Kokkinakis: “There was a very fat kid that everyone was talking about and who could hit the ball insanely well. His father was always there (and is still a regular face in Kyrgios’ entourage, ed.) and that boy wore Jordan- clothes. That kid, that’s pretty much what Nick still is.”
“He used to have a very good serve and forehand, but he couldn’t get ahead as soon as he had to move on the track. But Nick was already very competitive then. He hates losing,” Kokkinakis said.
According to Kokkinakis, Kyrgios sometimes deliberately tries to take his opponents out of their game. “Opponents can drive him crazy because he turns it into a circus. Once a player starts to feel comfortable with him, Nick comes back to life. Still, in the locker room, he isn’t considered a bad guy.”
Former world champion McEnroe was one of the many coaches Kyrgios wore out and came to know him as “a good person, the greatest talent of the last ten years”. But that collaboration was short-lived. “I would like to see him live up to his potential. He belongs to the best five or six tennis players in the world.”
Without a coach on the ATP tour
Kyrgios no longer has a coach at all. “I wouldn’t want to do that to anyone,” he says with a good dose of self-mockery.
Kyrgios has his get-togethers with the audience. “Some players don’t really interact with the people, they’re really serious. I think it’s also part of my personality to involve them. I go into my game and I like to entertain. I like it to put on a bit of a show.”
Another well-known statement from Kyrgios is that he does not like tennis very much. He also violated the dress code a few times this week at the classic Wimbledon, which resulted in his umpteenth fine.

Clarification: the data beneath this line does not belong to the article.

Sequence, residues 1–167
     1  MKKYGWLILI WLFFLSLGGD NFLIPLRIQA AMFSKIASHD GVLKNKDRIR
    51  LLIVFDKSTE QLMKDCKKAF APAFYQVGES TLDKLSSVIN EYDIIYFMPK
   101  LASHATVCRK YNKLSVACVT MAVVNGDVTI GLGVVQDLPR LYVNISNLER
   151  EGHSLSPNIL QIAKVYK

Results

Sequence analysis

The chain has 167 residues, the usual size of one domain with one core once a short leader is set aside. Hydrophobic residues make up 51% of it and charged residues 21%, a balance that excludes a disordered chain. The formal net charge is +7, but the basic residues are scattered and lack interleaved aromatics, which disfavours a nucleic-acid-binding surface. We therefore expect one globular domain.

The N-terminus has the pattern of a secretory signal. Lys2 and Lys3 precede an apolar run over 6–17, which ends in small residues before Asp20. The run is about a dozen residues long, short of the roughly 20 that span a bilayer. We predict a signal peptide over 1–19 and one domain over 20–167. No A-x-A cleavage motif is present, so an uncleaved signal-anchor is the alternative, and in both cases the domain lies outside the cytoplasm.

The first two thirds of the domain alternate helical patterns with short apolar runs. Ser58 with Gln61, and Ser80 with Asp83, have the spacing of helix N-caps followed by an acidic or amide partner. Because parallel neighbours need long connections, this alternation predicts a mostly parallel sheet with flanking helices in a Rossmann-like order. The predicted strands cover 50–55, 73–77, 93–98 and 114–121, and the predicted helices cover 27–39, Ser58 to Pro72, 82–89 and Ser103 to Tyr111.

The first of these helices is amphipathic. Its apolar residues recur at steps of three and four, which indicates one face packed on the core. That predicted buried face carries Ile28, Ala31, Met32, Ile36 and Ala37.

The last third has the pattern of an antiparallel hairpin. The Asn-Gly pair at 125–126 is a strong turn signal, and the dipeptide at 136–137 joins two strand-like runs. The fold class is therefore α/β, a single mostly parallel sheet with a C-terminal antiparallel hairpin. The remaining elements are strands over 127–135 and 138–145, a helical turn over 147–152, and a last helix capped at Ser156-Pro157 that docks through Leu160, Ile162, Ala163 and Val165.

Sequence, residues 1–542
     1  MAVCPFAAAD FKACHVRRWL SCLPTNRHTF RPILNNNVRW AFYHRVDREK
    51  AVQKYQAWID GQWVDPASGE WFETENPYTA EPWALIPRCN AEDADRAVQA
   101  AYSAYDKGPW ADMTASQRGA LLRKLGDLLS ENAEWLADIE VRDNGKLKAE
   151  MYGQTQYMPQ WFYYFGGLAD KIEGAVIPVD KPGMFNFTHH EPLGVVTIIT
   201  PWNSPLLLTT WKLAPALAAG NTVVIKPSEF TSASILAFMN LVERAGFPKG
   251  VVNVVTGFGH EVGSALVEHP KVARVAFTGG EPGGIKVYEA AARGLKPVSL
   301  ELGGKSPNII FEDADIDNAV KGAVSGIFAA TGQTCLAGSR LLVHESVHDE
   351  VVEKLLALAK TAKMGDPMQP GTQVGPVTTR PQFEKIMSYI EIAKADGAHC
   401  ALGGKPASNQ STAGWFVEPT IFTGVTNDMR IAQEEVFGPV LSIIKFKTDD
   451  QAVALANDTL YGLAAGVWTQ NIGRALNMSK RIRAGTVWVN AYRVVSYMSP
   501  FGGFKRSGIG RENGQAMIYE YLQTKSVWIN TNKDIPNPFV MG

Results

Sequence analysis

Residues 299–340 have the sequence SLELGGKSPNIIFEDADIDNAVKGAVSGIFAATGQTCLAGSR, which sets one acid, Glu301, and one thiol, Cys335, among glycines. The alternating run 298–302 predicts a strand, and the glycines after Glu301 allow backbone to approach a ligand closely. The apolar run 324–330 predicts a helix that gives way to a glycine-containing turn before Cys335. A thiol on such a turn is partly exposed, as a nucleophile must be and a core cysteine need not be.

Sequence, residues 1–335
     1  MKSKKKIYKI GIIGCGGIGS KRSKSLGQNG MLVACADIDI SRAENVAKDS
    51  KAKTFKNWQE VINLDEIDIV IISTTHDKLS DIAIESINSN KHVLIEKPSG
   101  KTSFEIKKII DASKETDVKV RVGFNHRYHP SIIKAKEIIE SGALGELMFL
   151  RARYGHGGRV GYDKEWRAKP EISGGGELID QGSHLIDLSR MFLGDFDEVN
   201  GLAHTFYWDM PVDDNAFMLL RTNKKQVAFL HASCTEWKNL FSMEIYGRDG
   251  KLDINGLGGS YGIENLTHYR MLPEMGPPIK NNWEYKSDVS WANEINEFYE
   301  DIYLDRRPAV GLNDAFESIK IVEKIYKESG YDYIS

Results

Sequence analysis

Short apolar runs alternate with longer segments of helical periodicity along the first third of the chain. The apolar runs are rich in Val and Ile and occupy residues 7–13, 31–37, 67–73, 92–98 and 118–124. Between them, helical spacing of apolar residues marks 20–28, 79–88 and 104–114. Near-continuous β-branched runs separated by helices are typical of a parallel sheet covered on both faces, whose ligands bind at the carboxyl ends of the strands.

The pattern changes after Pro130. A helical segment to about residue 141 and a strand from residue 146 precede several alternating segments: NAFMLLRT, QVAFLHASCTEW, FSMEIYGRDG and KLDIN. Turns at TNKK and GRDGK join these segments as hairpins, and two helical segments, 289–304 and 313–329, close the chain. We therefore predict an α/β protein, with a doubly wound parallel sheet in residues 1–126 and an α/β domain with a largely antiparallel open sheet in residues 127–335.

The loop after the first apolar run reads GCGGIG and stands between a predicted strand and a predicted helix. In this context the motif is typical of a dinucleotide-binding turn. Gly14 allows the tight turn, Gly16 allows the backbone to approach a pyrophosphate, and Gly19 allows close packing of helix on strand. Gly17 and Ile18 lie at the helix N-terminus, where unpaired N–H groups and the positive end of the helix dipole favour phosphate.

At least he got to this point by remaining completely himself. He thinks that is more important than winning grand slam tournaments. Still, now that he’s so close…
The Russians who are not allowed to participate this year, favorite Matteo Berrettini who had to withdraw because of corona, no Roger Federer, opponent Nadal who withdraws with a stomach injury. This year is an excellent opportunity for Kyrgios, in a final against Novak Djokovic.
“Federer, Nadal and Djokovic have inspired millions of people. They are gods. At least, that’s how I see them,” he looks at the big three of this century. He himself is the number forty in the world. And with no points to be earned at Wimbledon this year, this sparse rebound won’t take him further to the top.
Bullying and fulmination
On his way to the semi-finals, he already defeated top player Stefanos Tsitsipas, who gave Kyrgios a big kick. “When his evil side comes out, he can do a lot of damage to the people around him. He is constantly bullying and fulminating. He may have been a bully at school too. I don’t like that. I don’t like people that others fail.”
Deep down, however, Kyrgios is very different, he revealed a few months ago. Three years ago he was lonely, depressed, he used a lot of stimulants and even thought about taking his own life.
But Kyrgios is back, for a show of unprecedented proportions.